for 10 minutes, then strain through a hot jelly-bag or a cloth until clear, and pour into a mould previously rinsed with cold water.
Time.—About 1 hour. Average Cost, 1s. 9d. Sufficient for 1½ pints of jelly.
2015.—RHUBARB JELLY. (Fr.—Gelée de Rhubarbe.)
Ingredients.—1 small bundle of rhubarb, 4 ozs. of castor sugar, or to taste, ¾ of an oz. of leaf gelatine, the finely-cut rind of 1 lemon, ½ a pint of water.
Method.—Wipe the rhubarb with a cloth, trim it, and cut it into short lengths, put it into a stewpan with the water, sugar and lemon-rind, simmer until tender, and rub through a hair sieve. Dissolve the gelatine in 2 tablespoonfuls of water, and strain into the rest of the ingredients. Turn into a wetted mould, and keep on ice or in a cold place until set.
Time.—About 1 hour. Average Cost, 6d. to 7d. Sufficient for 1 medium-sized mould. Seasonable from February to May.
2016.—SAUTERNE JELLY. (See Champagne Jelly, No. 1985.)
2017.—STOCK FOR JELLY. (See Aspic Jelly from Calves' Feet, No. 1981, Gelatine Jelly, No. 1991, and Wine Jelly, No. 2020.)
When sweet jelly is required, lemon-rind, cloves, bay-leaf and mace should replace the vegetables, herbs and vinegar used in making aspic jelly.
2018.—STRAWBERRY JELLY. (Fr.—Gelée aux Fraises.)
Ingredients.—1 lb. of strawberries, ½ a lb. of loaf sugar, 2 ozs. of gelatine, the juice of 1 lemon, the whites and shells of 2 eggs, a little lemon jelly, No. 2020.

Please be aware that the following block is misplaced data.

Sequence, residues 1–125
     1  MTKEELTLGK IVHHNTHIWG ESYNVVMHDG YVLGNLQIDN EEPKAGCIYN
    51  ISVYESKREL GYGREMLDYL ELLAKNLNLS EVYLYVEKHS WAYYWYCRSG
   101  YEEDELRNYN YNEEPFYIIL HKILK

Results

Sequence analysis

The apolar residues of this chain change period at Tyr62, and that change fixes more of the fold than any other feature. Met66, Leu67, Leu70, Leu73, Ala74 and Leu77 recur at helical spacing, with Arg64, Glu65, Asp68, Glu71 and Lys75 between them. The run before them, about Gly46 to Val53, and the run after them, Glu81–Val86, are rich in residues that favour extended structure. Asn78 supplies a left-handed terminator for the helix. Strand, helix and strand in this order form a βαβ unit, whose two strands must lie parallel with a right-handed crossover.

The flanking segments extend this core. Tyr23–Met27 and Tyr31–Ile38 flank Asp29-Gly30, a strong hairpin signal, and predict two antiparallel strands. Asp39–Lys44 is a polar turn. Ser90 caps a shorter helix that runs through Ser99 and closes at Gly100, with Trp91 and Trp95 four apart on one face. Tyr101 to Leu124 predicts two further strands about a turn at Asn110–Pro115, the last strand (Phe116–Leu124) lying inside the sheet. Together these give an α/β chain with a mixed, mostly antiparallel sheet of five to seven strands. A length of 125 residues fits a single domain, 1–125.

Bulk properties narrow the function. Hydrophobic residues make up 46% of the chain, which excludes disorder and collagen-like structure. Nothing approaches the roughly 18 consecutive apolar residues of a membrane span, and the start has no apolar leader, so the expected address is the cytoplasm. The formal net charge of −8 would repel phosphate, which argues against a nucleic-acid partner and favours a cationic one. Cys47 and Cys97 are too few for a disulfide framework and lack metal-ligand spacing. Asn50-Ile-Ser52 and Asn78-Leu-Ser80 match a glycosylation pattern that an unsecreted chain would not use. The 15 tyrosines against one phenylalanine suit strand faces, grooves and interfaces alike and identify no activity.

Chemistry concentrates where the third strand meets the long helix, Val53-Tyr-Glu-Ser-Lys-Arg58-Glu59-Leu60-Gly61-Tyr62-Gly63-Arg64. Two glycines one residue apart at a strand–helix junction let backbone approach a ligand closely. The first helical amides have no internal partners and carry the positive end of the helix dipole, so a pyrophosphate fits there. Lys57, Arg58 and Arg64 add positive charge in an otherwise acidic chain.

Method.—Boil the sugar and 1 pint of cold water to a syrup, and when cool, pour it over ½ a lb. of strawberries, previously picked and crushed to a pulp. Cover the basin, and let the fruit remain thus for ½ an hour. Coat a mould thinly with lemon jelly, decorate tastefully with whole strawberries, and fix them firmly in place with a little more jelly (see p. 996). Place the gelatine with 1 pint of water in a stewpan; when dissolved add the strawberry preparation and the lemon-juice. Let the mixture cool, then stir in the whites of the eggs and the shells. Whisk until boiling, and strain through a jelly-bag or cloth until clear. When the preparation is cold and on the point of setting pour it into